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Know CWD website

Know CWD [exit DNR] General information about CWD in Wisconsin including common misconceptions.

Contact information
For information on carcass movement, contact:
Scott Karel
Wildlife Regulations Policy Specialist
Bureau of Wildlife Management

Carcass movement restrictions

The movement of dead or alive CWD positive animals (natural or human-assisted) is a key pathway in the spread of CWD. The infectious nature of the CWD prion contributes to an increased risk of introduction and spread of CWD if dead animals are brought to areas where CWD does not exist if not disposed of properly.

Deer carcass movement in Wisconsin

Carcass movement restrictions are in place to assist in limiting the spread of disease. Both whole wild-deer carcasses and certain parts of carcasses from CWD affected counties [PDF] can be moved within CWD-affected counties or an adjacent county [PDF].

However hunters are allowed to take whole cervid carcasses or any parts of carcasses harvested in the CWD-affected counties or in any state or province where CWD has been found, into any part of Wisconsin, provided the carcass (or nonexempt parts) are taken to a licensed taxidermist or meat processor within 72 hours of registration, or within 72 hours of entering Wisconsin from another state. Licensed meat processors and taxidermists are excluded since they must follow strict rules regarding deer carcass waste disposal, thereby removing the risks associated with improper disposal.

The department does not intend to preclude hunters from moving a deer head outside of CWD affected counties if that head is being transported to an approved CWD sampling cooperator, self-service kiosk, or staffed CWD testing location for the purpose of submitting the head for removal of tissues for CWD testing. After sample tissue has been removed from deer heads submitted via these submission routes the heads will be disposed of properly.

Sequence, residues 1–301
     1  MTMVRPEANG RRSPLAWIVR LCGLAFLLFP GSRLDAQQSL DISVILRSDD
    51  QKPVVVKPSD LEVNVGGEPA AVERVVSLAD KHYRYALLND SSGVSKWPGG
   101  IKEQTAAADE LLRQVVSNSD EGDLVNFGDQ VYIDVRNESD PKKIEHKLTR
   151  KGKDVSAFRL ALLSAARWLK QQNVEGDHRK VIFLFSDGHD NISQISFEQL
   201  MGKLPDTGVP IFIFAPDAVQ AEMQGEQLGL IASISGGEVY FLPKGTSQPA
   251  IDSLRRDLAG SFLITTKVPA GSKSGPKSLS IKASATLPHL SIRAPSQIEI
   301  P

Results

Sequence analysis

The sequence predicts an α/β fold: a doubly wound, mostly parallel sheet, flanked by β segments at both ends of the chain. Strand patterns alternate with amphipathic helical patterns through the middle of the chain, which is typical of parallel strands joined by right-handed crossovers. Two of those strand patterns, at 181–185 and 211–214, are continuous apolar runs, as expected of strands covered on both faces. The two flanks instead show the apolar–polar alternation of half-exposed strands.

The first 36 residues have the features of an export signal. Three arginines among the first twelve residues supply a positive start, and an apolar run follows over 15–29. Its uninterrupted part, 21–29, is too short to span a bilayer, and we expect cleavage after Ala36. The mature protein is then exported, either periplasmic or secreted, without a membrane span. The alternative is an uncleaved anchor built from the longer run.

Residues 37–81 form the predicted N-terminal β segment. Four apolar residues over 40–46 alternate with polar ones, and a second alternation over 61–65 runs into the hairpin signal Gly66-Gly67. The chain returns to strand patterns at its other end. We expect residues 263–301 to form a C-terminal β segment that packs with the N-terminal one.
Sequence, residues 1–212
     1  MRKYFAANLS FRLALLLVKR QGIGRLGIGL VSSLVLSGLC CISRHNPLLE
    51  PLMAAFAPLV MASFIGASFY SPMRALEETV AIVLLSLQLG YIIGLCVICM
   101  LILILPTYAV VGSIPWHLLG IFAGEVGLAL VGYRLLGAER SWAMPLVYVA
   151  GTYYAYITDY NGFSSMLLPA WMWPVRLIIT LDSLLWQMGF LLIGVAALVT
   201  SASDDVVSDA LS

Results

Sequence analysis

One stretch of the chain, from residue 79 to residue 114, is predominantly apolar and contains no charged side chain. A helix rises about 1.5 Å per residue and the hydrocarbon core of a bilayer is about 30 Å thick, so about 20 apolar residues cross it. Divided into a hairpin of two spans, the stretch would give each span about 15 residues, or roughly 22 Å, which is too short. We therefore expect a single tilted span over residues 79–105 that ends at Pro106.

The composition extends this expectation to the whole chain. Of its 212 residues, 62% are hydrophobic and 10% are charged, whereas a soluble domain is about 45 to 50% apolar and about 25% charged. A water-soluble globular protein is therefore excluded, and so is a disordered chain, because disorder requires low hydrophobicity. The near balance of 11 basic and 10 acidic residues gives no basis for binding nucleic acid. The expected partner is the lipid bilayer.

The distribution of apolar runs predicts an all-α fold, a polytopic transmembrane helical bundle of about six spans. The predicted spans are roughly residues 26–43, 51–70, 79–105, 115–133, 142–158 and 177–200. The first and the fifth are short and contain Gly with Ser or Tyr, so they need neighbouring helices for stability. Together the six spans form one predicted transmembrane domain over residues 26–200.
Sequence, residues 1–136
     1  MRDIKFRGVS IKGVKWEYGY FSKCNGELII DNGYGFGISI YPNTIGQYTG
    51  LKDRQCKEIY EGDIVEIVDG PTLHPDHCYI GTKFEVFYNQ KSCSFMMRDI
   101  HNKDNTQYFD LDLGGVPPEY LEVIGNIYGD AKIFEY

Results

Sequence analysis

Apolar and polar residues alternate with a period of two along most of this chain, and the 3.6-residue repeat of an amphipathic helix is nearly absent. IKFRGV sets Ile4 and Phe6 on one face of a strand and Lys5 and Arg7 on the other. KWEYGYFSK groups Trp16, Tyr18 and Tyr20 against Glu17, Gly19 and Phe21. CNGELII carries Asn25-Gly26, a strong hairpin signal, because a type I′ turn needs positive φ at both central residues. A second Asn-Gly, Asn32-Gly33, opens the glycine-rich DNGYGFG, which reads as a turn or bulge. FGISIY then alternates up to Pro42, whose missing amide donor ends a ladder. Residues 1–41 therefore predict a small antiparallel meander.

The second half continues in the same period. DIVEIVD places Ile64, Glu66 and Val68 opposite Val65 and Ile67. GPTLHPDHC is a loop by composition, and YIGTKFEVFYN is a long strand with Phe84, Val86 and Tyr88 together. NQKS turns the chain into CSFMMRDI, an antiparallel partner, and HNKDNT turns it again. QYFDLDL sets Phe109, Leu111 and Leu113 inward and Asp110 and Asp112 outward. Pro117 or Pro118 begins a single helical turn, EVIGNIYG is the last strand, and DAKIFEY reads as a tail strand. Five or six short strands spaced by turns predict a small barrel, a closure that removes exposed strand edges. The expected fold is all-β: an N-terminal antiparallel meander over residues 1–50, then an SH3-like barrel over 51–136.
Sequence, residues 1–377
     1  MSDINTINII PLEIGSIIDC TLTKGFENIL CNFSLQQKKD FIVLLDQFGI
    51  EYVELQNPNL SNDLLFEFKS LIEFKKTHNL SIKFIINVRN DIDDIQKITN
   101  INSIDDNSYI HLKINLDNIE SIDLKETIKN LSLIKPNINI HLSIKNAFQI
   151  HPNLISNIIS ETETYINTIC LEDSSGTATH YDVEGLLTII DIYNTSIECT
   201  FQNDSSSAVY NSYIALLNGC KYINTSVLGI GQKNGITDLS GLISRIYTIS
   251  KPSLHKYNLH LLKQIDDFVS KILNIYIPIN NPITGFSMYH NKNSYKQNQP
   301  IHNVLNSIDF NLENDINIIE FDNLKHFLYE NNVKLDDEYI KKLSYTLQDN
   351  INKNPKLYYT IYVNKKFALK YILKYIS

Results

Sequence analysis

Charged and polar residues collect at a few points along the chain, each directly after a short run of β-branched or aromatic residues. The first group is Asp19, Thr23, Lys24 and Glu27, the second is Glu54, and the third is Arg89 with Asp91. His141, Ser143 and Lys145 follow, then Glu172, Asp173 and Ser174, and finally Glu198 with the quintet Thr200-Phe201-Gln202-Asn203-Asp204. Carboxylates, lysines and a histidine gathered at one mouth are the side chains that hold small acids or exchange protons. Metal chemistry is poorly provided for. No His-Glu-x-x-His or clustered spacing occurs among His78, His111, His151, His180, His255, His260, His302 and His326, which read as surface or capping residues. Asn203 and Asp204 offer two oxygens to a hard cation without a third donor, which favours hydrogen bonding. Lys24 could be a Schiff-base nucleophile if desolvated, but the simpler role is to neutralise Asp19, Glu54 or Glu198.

Recommendations for reducing the spread of CWD

The department recommends not transporting whole deer carcasses to areas outside the county or adjacent county where the animal was harvested. Additional recommendations for practices to reduce and prevent the spread of CWD are found in the CWD Transmission Reduction Recommendations document [PDF].


Deer parts that may be moved

  • Meat that is cut and wrapped (either commercially or privately).
  • Quarters or other portions of meat to which no part of the spinal column is attached.
  • Meat that has been deboned.
  • Hides with no heads attached.
  • Finished taxidermy heads.
  • Antlers with no tissue attached.
  • Clean skull plates with no lymphoid or brain tissue attached.
  • Clean skulls with no lymphoid or brain tissue attached.
  • Upper canine teeth (also known as buglers, whistlers or ivories).

If not brought to a licensed taxidermist or meat processor within 72 hours, the only parts from wild cervids legally-harvested in the CWD affected counties that may be transported beyond those counties or an adjacent county are included in the table. These are the same parts that are allowed into WI from other states and provinces that have CWD.

Deer carcass movement into Wisconsin

Chronic wasting disease has been found in wild cervids in the following states and provinces [exit DNR]. Hunters from other states/provinces should be aware of their state's carcass restrictions [PDF exit DNR] of deer harvested in a CWD affected area in Wisconsin before heading home. Whole carcasses and parts of carcasses, other than those listed in the table, from these states and provinces are not allowed into Wisconsin unless taken to a meat processor or taxidermist within 72 hours of entry into Wisconsin.

  • United States: Arkansas, Colorado, Illinois, Iowa, Kansas, Maryland, Michigan, Minnesota, Mississippi, Missouri, Montana, Nebraska, New York, North Dakota, New Mexico, Pennsylvania, South Dakota, Tennessee, Texas, Utah, Virginia, West Virginia, Wisconsin and Wyoming
  • Canadian Provinces: Alberta and Saskatchewan
Last revised: Wednesday April 10 2019